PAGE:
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By Catholic Online (NEWS CONSORTIUM)

5/17/2013 (11 months ago)

Catholic Online (www.catholic.org)

Scientifically, ethically there remain many hurdles that remain unanswered

A popular science-fiction trope, the topic of human cloning remains a very hot topic. There are many scientific hurdles and many ethical questions that must be answered before the mad scientist can go into the lab and come up with a perfect replica of a living person. The question remains, can a human being be cloned? Some experts say - yes! 

The question remains . can a human being be cloned? Experts say - yes!

The question remains . can a human being be cloned? Experts say - yes!

Article Highlights

By Catholic Online (NEWS CONSORTIUM)

Catholic Online (www.catholic.org)

5/17/2013 (11 months ago)

Published in Health

Keywords: Cloning, experts, embryos, genetics, mice


LOS ANGELES, CA (Catholic online) - Cloning has been around since the 1950s. To date, scientists have cloned dozens of animal species, including mice, cats, sheep, pigs and cows. However, in thee cases, researchers encountered problems that needed to be overcome with trial and error.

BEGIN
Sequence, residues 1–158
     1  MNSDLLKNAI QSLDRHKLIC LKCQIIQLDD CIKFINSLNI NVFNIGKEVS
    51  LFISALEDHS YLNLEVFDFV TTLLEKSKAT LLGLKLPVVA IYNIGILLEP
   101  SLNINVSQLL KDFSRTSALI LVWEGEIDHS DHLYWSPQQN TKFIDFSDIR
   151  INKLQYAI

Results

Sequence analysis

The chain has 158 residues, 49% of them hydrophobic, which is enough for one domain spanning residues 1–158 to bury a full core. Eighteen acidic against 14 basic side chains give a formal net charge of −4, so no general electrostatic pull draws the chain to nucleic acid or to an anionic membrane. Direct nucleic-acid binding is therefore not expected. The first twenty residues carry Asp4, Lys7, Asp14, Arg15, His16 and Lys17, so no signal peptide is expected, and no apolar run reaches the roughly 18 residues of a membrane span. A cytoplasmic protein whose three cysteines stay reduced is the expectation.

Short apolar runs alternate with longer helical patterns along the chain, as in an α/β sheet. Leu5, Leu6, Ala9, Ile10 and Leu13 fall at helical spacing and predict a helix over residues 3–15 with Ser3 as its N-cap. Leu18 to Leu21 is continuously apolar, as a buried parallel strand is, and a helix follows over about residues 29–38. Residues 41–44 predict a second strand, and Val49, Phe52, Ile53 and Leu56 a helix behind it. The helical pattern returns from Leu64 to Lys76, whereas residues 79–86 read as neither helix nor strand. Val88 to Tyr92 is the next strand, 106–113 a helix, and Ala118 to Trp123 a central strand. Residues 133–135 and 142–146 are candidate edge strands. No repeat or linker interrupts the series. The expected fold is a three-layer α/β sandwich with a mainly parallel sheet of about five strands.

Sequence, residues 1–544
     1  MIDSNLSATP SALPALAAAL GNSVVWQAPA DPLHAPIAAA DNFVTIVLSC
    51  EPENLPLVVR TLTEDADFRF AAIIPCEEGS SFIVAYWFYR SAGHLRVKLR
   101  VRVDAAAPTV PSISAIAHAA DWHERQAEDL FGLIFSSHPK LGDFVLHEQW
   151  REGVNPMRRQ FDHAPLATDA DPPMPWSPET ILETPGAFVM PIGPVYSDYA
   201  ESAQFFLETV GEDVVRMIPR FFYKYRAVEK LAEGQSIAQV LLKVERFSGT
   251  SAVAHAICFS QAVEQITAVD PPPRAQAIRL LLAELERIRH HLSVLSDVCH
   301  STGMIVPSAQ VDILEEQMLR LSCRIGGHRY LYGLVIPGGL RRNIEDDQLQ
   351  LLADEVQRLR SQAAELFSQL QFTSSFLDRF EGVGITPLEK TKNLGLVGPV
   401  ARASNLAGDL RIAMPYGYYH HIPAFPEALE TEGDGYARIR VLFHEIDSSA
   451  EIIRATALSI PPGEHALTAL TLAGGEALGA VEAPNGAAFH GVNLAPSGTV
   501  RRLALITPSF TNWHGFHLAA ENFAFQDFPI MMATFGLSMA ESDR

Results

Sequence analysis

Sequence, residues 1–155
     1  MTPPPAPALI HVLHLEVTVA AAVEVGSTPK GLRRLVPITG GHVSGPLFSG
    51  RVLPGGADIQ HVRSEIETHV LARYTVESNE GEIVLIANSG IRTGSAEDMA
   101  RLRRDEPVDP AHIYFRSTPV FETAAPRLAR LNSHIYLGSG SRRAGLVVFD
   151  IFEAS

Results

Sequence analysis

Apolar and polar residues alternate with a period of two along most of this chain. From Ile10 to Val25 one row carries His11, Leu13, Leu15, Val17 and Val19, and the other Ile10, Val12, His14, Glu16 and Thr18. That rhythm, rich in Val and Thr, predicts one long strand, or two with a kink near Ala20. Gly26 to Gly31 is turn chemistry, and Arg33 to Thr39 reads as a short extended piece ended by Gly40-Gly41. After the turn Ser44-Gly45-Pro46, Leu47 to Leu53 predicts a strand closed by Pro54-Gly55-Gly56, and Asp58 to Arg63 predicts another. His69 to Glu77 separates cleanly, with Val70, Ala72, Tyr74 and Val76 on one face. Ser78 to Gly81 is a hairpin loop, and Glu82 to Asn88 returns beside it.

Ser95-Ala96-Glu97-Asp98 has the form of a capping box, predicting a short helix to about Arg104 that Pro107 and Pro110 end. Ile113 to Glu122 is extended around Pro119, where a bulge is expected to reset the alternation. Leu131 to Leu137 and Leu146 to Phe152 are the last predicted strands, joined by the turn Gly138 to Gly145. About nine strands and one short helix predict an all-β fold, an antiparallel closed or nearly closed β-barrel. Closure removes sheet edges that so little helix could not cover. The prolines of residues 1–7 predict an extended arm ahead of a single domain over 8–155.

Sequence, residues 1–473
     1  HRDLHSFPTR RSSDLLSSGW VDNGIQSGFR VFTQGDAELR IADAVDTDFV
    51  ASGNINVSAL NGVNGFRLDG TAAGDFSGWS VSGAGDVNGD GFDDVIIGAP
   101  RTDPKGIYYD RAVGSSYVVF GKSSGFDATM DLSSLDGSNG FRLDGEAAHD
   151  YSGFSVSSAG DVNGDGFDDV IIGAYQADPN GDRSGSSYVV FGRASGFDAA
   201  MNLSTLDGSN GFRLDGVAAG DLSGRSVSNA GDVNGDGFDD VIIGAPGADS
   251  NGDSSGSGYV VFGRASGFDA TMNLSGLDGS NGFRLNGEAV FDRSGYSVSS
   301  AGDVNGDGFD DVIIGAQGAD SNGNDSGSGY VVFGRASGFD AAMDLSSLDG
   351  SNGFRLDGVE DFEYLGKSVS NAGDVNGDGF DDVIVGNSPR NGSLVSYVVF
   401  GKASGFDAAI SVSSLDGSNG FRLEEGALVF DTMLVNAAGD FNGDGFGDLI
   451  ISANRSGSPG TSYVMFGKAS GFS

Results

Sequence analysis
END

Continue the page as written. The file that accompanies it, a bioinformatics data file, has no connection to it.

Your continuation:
"It's a numbers game," Dr. Robert Lanza, chief scientific officer at the biotech company Advanced Cell Technology says. His company has worked on cell therapies for human diseases, and has cloned animals. Researchers were able to use thousands of eggs with laboratory mice, and conduct many experiments, to work out these problems, Lanza adds.

It's not so simple with primates, Lanza says, as eggs are a very precious resource, and it is not easy to acquire them to conduct experiments.

Researchers, in addition can't simply apply what they've learned from cloning mice or cows to cloning people. Cloning an animal requires that researchers first remove the nucleus of an egg cell. When researchers do this, they also remove proteins that are essential to help cells divide.

This isn't a problem with mice, as the embryo that's ultimately created is able to make these proteins again. But primates aren't able to do this, and researchers think it may be one reason that attempts to clone monkeys have failed.

Cloned animals often have different kinds of genetic abnormalities that can prevent embryo implantation in a uterus, or cause the fetus to spontaneously abort, or the animal to die shortly after birth, Lanza says.

These abnormities are common because cloned embryos have just one parent rather than two, which means that a molecular process known as "imprinting" does not occur properly in cloned embryos.

Problems with imprinting can result in extremely large placentas, which ultimately leads to problems with blood flow for the fetus.

Lanza and colleagues cloned a species of cattle called banteng, and it was born at twice the size of a normal banteng and had to be euthanized, Lanza said.

There is an extremely high rate of death, and the risk of developmental abnormities from cloning makes cloning people unethical. "It's like sending your baby up in a rocket knowing there's a 50-50 chance it's going to blow up. It's grossly unethical," Lanza says.

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